the same weapons'as1 our opponents,
namely, our only political weapon, the
Says Mine Owners
Should Be Jailed
i (Continued from Page Four)
"I Grow Hair. I Do"
Fac-similes of Prof. A. Garlow.
'Other forces arrayed against us. • A
Federal investigation of this situation
by a congressional committee is very
probable, and this investigation will
show to the nation at large, and particularly to Eastern millionaires own-
ing stock in Colorado coal mines, how
■some of their wise subordinates have
been Tuining their business  by  the
anarchistic policies theyr have been
pursuing.   We will prove in this congressional investigation that the violence m. the present strike is due entirely to the policy of the coal operators.   At the beginning of the strike
they imported 700 gunmen, many of
them;'indicted  for murder  in  otner
States, for the purpose of intimidating and murdering, if necessary, any
miner who dared to assert .his rights.
We will prove that'they have several
maohin'e guns, one of'the most deadly
[^ weapons known to civilized warfare.
•These guns shoot 250 shots a minute
and have a(irange of two miles.    We
will i)lso prove that they havo what is
known as a steel battleship,- which is
an automobile encased in a high body
of   steel,  completely   concealing   the
assassins within and which they repeatedly paraded through the streets
of Trinidad  and  the miners'' camps
Jn southern Colorado.   We will prove
that  these armed guards saw to  it
tnat violence was committed, because
their "jobs depended upon turmoil and
trouble.   These guards reasoned that
the operators would not have need of
700 gunmen unless there was some
shooting going on.   And they saw to
that  the miners did  not  remain
government and running things in a
sane manner; instead of producing for
profit, iproduce for use.'    ,'   '
Let us get together ohc-i and for all,
throwing afelde all petty jealousies and
•personal prejudices and stand shoulder to shoulder to fight the tyrant capital. Whatever reforms are brought
about are only palliations, they do not
get to the root of the evil. We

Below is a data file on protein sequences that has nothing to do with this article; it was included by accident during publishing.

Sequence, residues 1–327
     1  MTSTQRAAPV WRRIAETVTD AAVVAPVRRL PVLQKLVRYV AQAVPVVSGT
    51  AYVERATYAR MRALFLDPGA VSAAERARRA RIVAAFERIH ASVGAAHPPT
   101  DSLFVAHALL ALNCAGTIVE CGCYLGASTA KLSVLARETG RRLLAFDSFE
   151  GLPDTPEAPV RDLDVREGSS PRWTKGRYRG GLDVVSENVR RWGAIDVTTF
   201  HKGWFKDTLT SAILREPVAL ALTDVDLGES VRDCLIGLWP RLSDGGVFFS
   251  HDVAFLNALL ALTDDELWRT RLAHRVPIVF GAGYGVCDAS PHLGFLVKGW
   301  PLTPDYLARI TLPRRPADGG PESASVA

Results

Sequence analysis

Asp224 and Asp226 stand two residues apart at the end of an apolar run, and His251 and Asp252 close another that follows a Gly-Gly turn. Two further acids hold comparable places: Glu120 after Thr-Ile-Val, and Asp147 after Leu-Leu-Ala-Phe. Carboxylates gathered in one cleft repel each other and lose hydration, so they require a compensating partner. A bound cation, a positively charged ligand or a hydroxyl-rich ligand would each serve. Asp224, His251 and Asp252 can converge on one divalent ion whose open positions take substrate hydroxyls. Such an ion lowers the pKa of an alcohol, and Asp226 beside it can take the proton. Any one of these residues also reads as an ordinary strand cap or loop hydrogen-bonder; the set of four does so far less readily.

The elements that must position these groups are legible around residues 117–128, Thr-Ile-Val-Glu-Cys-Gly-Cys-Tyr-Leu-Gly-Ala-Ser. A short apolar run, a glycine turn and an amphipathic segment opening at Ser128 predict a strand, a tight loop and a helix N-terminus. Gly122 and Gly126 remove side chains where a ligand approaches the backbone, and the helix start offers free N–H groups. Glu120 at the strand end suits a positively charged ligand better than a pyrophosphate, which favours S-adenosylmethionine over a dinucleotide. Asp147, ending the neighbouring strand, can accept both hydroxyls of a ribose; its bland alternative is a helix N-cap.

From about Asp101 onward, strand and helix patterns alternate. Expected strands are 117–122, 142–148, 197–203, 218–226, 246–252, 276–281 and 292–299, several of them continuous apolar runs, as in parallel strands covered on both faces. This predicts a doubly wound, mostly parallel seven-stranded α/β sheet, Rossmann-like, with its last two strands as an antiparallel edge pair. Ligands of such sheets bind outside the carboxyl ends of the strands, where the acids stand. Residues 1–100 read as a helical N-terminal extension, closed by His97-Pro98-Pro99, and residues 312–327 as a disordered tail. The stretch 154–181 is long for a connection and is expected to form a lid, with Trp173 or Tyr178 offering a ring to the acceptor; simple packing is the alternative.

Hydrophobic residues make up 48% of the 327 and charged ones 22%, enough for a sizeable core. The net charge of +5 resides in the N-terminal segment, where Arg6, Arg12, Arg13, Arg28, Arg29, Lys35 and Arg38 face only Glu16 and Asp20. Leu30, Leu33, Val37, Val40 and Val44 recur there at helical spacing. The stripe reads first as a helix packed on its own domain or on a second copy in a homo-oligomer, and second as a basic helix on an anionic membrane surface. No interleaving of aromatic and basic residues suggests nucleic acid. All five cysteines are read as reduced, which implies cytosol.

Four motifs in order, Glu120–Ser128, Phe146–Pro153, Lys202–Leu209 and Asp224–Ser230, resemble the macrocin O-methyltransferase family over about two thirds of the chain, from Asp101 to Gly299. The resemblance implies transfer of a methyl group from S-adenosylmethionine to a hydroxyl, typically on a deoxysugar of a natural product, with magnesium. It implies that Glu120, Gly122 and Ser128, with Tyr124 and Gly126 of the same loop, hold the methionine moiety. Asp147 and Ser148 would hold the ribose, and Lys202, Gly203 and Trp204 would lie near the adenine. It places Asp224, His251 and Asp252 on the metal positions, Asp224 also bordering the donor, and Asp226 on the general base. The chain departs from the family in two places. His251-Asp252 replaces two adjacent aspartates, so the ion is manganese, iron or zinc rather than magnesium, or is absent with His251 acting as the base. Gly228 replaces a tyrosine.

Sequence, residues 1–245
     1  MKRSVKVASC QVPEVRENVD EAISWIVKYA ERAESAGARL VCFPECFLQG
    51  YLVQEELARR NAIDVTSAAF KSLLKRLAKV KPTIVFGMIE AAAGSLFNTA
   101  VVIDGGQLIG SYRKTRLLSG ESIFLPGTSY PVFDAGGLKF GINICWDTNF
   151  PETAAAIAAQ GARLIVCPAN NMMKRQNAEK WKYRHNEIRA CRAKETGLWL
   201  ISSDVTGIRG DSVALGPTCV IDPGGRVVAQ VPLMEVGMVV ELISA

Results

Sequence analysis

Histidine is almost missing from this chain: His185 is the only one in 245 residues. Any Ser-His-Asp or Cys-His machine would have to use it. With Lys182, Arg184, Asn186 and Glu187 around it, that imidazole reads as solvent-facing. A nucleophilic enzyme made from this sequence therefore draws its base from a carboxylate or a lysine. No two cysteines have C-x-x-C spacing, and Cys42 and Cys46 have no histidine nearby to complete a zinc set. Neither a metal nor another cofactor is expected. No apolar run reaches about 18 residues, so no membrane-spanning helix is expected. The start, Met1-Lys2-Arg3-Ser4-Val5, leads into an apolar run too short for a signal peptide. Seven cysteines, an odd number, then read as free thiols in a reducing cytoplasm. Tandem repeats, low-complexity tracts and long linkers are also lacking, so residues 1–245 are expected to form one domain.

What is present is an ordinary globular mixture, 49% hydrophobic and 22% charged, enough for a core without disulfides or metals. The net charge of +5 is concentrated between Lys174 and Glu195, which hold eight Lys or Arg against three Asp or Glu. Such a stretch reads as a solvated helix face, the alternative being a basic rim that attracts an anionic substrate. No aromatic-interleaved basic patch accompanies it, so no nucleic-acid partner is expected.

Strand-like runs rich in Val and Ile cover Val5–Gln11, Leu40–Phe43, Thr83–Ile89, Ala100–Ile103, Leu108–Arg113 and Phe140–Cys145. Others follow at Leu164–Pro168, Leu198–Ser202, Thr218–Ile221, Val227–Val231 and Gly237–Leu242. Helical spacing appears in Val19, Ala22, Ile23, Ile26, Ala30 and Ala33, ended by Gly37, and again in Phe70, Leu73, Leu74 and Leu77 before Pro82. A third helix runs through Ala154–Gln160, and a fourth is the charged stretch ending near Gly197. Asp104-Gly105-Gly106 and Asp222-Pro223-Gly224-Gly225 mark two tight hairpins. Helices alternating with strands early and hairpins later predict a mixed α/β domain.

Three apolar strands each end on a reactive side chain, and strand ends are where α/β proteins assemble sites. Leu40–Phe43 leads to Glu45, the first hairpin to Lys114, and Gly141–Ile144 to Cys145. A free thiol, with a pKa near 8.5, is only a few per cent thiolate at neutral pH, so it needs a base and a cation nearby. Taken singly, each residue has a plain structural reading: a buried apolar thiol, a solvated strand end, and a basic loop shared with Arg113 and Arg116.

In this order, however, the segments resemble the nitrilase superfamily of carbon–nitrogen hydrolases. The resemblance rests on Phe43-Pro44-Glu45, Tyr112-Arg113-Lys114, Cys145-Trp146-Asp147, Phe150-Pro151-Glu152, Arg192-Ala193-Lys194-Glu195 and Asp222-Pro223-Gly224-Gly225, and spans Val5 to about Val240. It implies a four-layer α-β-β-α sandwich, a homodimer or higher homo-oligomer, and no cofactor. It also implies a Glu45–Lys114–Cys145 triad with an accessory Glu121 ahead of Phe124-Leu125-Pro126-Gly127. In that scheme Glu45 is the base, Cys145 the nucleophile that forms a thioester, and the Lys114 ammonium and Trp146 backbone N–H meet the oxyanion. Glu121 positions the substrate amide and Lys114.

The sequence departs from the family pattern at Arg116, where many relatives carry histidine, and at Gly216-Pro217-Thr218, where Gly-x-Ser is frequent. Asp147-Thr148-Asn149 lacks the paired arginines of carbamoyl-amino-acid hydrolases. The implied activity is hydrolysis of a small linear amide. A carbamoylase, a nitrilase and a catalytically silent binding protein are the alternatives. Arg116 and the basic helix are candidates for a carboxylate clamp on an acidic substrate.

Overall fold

only get enough of the product of our
labor to feed and clothe us sufficiently to enable us to perform our allotted tasks, and the other fellow will
otlll ride in his private, cars, while wo
walk; make a glutton of himself while
we merely exist; and his wife and
children will wear silks ,and satins,
and ours will wear,shoddy, Brothers,
unite politically nnd put an ond to
this continual bickering. An. instance
can be given of tho powor of united
action in tho results obtained by the
B. C. Miners' Liberation League. This
longuo was formed about a month,ago
for tho purpose of protesting against
the brutal sentences meted out to.our
fellow workors and condemning the
government of D, C. for refusing to
lake up tho minors' side of the question In tho present strlko. Wo soo
tho workers uniting on a .common
ground for a common causo, and the
results aro gratifying. The league had
only boon formed n short tlmo when
bull that had boon ropeatodly refused
waB granted wholosalo, and ensos that
havo como up lately havo rooolvod
their share of Justice,        ,
Just a t'ow words ln closing explaining tlio methodh of tho longuo,
Mass mootlngs hnvo booh hold and
resolutions forwardod,to tho Mlnlstor
of Justlco protesting ngalnst tho unjust Huntoncos; about 15,000 butt onn
carrying tho words "H. C. Minors' Llli-
oration League," hnvo boon sold;
store kcopors aro displaying cards In
thoir windows calling for tho rolonso
of tho Imprlsonnd minors nnd very
shortly thousands of Individual pro-
U.Htn will ho Hniit to thn MlnlHtor of
Yours in tho fight politically nml Industrially,
On bolinlf of PiTRH Com mit tec, Local